Interview from 1996 World Conference on Literacy, organized by the International Literacy Institute, Philadelphia, USA.
I watched this interview of Paulo Freire, and I thought what he had to share is so important that I took the time to transcribe the interview, which you can read below.
A conversation with Paulo Freire
"If you ask me Paulo, what is in being in the world, that calls your own attention to you? I would say to you that I am a curious being, I have been a curious being, but in a certain moment of the process of being curious, in order to understand the others, I discover that I have to create in myself a certain virtue, without which it is difficult for me to understand the others; the virtue of tolerence.
It is through the exercise of tolerance that I discover the rich possibility of doing things and learning different things with different people. Being tolerant is not a question of being naive. On the contrary, it is a duty to be tolerant, an ethical duty, an historical duty, a political duty but it does not demand that I lose my personality.
On a critical way of thinking
Even so it is for me, it should be a great honor to be understood as a specialist in literacy. I have to say, no because my main preoccupation since I started working 45 years ago had to do with the critical understanding of education. Of course, thinking of education in general, I also had to think about literacy which is a fundamental chapter of education as a whole.
Nevertheless, I also had strong experiences in this chapter of adult literacy, for example, in Brasil and outside of Brasil. The more I think about what I did and what I proposed the more I understand myself as a thinker and a kind of epistimologist proposing a critical way of thinking and a critical way of knowing to the teachers in order for them to work differently with the students.
On language and power
Who says that this accent or this way of thinking is the cultivated one? If there is one which is cultivated is because there is another which is not. Do you see, it’s impossible to think of language without thinking of ideology and power? I defended the duty of the teachers to teach the cultivated pattern and I defended the rights of the kids or of the adults to learn the dominant pattern. But, it is necessary in being a democratic and tolerant teacher, it is necessary to explain, to make clear to the kids or the adults that their way of speaking is as beautiful as our way of speaking. Second, that they have the right to speak like this. Third, nevertheless, they need to learn the so-called dominant syntax for different reasons. That is, the more the oppressed, the poor people, grasp the dominant syntax, the more they can articulate their voices and their speech in the struggle against injustice.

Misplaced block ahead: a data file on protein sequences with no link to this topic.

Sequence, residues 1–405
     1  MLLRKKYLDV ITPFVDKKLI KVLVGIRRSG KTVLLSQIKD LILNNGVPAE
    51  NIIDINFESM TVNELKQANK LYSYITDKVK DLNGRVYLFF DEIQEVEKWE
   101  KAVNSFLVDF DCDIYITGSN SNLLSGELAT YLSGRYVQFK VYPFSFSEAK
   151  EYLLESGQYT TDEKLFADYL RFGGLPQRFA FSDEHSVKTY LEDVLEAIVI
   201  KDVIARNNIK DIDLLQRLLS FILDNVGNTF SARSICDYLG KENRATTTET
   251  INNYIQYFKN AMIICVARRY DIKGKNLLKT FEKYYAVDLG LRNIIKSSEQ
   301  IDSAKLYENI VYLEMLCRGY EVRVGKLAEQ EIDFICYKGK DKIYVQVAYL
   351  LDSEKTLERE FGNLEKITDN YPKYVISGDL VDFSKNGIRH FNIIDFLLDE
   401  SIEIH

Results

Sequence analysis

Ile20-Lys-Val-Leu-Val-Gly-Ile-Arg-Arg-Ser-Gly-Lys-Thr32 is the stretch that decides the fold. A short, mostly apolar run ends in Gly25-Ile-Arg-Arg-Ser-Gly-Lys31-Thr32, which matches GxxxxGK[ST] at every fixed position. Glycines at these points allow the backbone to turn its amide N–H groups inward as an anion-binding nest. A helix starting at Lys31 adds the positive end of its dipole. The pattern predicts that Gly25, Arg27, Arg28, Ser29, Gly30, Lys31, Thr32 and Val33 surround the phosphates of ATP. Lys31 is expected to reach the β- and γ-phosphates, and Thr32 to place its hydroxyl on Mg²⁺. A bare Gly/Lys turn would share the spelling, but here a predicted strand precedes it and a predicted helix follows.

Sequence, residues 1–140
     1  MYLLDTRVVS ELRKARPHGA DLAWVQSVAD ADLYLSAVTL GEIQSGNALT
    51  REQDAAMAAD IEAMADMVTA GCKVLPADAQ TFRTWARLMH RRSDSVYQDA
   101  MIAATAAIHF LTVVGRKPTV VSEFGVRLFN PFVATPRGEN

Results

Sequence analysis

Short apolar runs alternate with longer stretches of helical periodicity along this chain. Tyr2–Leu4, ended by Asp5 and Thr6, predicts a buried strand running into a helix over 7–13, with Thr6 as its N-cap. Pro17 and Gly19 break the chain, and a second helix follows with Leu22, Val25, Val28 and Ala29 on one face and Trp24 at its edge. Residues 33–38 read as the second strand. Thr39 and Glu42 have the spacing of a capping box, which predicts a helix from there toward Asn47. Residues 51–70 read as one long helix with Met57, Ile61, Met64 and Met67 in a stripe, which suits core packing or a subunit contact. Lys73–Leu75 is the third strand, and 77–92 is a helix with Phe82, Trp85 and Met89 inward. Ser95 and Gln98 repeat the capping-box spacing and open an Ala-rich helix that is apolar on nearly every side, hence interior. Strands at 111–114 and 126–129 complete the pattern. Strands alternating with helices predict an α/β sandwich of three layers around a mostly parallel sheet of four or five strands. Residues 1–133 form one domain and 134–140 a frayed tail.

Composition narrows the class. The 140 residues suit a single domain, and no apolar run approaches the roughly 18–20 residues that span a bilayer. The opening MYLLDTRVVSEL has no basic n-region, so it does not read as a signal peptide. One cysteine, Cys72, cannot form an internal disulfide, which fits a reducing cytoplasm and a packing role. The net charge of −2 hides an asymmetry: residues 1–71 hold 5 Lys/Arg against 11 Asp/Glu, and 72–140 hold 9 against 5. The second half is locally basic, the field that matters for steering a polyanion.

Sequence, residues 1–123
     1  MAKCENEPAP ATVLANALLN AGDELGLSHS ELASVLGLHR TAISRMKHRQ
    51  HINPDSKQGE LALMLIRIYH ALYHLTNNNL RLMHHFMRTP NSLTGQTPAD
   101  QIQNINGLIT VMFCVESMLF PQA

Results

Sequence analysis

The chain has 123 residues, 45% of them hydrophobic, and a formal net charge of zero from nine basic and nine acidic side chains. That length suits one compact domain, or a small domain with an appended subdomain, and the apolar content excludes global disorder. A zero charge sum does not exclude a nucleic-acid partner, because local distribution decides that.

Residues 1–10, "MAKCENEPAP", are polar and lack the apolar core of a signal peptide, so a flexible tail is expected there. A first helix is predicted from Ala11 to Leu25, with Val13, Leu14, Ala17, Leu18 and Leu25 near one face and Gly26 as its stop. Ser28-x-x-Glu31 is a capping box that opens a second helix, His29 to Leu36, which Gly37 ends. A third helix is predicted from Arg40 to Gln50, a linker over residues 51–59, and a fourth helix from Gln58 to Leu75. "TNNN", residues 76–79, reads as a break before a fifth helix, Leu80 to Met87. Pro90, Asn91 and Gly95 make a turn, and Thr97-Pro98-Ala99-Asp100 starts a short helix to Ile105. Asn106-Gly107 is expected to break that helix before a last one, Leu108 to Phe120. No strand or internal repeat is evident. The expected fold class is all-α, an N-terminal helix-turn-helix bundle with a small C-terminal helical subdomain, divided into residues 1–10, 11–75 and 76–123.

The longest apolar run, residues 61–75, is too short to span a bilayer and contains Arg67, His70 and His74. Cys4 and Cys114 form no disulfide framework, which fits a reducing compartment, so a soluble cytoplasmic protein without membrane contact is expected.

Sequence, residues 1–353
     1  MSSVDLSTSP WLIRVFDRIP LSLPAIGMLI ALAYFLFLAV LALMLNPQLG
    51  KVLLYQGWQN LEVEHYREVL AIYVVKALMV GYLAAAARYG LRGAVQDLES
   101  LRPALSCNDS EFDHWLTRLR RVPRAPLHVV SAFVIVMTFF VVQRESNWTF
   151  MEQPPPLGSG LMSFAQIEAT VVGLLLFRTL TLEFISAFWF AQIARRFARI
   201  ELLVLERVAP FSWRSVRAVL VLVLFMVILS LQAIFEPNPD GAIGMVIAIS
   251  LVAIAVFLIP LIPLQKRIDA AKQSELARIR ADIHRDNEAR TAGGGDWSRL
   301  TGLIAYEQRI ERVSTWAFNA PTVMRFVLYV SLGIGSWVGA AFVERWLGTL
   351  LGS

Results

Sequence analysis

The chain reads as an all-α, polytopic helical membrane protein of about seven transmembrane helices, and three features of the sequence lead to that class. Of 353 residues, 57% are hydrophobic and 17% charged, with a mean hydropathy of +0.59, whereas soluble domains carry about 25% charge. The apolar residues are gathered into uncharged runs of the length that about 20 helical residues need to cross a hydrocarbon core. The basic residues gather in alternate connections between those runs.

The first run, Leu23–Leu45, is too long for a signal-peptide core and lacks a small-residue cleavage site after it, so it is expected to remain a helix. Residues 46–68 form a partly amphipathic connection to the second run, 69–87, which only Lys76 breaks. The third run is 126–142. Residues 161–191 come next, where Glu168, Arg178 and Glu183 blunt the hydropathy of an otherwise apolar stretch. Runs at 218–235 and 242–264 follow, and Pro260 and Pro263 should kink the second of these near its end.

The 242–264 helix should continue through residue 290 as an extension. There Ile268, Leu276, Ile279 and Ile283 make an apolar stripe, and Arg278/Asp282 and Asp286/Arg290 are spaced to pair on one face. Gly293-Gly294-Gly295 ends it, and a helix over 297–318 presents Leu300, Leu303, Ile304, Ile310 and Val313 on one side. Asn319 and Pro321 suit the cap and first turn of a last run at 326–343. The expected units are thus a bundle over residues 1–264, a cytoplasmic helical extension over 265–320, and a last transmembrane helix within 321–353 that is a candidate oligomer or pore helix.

In the last moments of my life
I am now almost 75 years old, sometimes when I am speaking like right now, I am listening to Paulo Freire 40 years ago. Maybe you could ask me, but Paulo, look then you think you did not change? No, I change a lot, I change everyday but in changing, I did not change, nevertheless some of the central nucleus of my thought. The understanding of my own presence in the reality. How for example, could I change the knowledge or the experience which makes me know that I am curious? No, I was a curious boy, and I am a curious old man. That is, my curiousity never stops. Maybe in the last moments of my life, I will be curious to know what it means to die.
My philosophical conviction is that we did not come to keep the world as it is. We came into the world in order to remake the world. We have to change it." Paulo Freire (1921 – 1997)
Of course, Paulo’s arguments on language and power can be adapted to not just apply to the indigenous people to whom he was referring, but to any group without power. Teach your students that words have power, and that you respect their words, whatever their source, but to learn the "dominant" culture’s words is to empower yourself, and to give yourself a voice.